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Faith in Values: Where’s the Debate on Immigration Reform?

Prayer demonstration

SOURCE: AP/Jay Reeves

Participants bow their heads in prayer during a demonstration to protest Alabama's new law against illegal immigration in Birmingham, Alabama, June 25, 2011.

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If ever there were a dream team lineup, it’s the large and dazzling array of those who support immigration reform.

On the business side, everyone from Microsoft and the American Farm Bureau to the Small Business Majority and the U.S. Chamber of Commerce is onboard. As for labor—a sector not usually allied with business but allied in this case because of immigration reform’s benefits to American workers—supporters include the AFL-CIO; American Federation of State, County and Municipal Employees, or AFSCME; the Service Employees International Union, or SEIU; United Auto Workers, or UAW; the United Food and Commercial Workers, or UFCW; the National Education Association, or NEA; the American Federation of Teachers; and more.

The lineup of religious supporters is perhaps the longest, stretching from the National Association of Evangelicals to the American Jewish Committee, with the U.S. Conference of Catholic Bishops, Southern Baptist Convention, United Sikhs, Presbyterians, Mennonites, Mormons, and many others in between.

A huge thumbs-up from the American public adds to this hefty lineup. Nearly 9 in 10 Americans support immigration reform that includes a path to citizenship. More than 70 percent of Republican voters agree—provided that undocumented immigrants learn English, pay back taxes and a fine, and don’t cut to the front of the line when applying for citizenship.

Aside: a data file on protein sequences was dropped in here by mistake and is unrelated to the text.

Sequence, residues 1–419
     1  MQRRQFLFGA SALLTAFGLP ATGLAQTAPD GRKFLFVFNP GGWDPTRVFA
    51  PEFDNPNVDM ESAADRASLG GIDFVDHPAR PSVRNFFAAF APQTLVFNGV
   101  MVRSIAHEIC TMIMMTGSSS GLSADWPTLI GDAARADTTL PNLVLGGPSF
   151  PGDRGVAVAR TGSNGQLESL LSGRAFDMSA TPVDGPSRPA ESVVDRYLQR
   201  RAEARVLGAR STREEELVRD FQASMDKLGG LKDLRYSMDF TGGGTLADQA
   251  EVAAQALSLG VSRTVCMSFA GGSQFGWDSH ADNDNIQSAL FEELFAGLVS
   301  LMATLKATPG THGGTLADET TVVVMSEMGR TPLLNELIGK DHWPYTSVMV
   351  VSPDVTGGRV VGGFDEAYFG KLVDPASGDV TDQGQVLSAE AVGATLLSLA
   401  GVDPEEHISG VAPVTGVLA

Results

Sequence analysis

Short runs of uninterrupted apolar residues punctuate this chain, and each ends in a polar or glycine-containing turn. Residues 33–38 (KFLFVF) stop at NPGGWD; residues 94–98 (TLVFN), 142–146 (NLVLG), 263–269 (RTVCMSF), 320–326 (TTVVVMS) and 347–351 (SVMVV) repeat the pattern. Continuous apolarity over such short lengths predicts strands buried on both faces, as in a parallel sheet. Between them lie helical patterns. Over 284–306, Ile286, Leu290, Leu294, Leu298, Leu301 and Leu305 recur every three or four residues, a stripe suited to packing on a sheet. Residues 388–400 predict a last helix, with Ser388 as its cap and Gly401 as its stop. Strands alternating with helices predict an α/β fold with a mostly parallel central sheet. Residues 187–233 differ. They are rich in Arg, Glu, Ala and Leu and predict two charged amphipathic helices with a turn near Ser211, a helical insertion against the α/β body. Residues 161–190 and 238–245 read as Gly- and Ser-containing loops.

And if that’s not enough, Republican donors, politicians, and strategists recently sent an open letter to their colleagues in the House of Representatives urging them to pass an immigration reform bill similar to the Senate bill that passed by a supermajority last month.

Why have such disparate groups found agreement on immigration reform? Not too long ago, this was an issue that divided virtually all of them, both internally and externally.

The answer is that facts can be powerful influencers. Here are a few facts that have likely helped some of these groups shift their positions.

Economic facts

Granting legal status to our nation’s 11 million undocumented immigrants this year would be an economic boon, increasing tax revenue by $109 billion over the next decade and boosting the cumulative earnings of American workers by $470 billion. This growth adds up to a whopping $832 billion cumulative increase in our gross domestic product over the next 10 years. That is not small change. What’s more, the Congressional Budget Office found that the Senate’s immigration reform legislation would reduce the budget deficit by $158 billion in the first decade following the bill’s passage and by an additional $685 billion in the second decade.

Political facts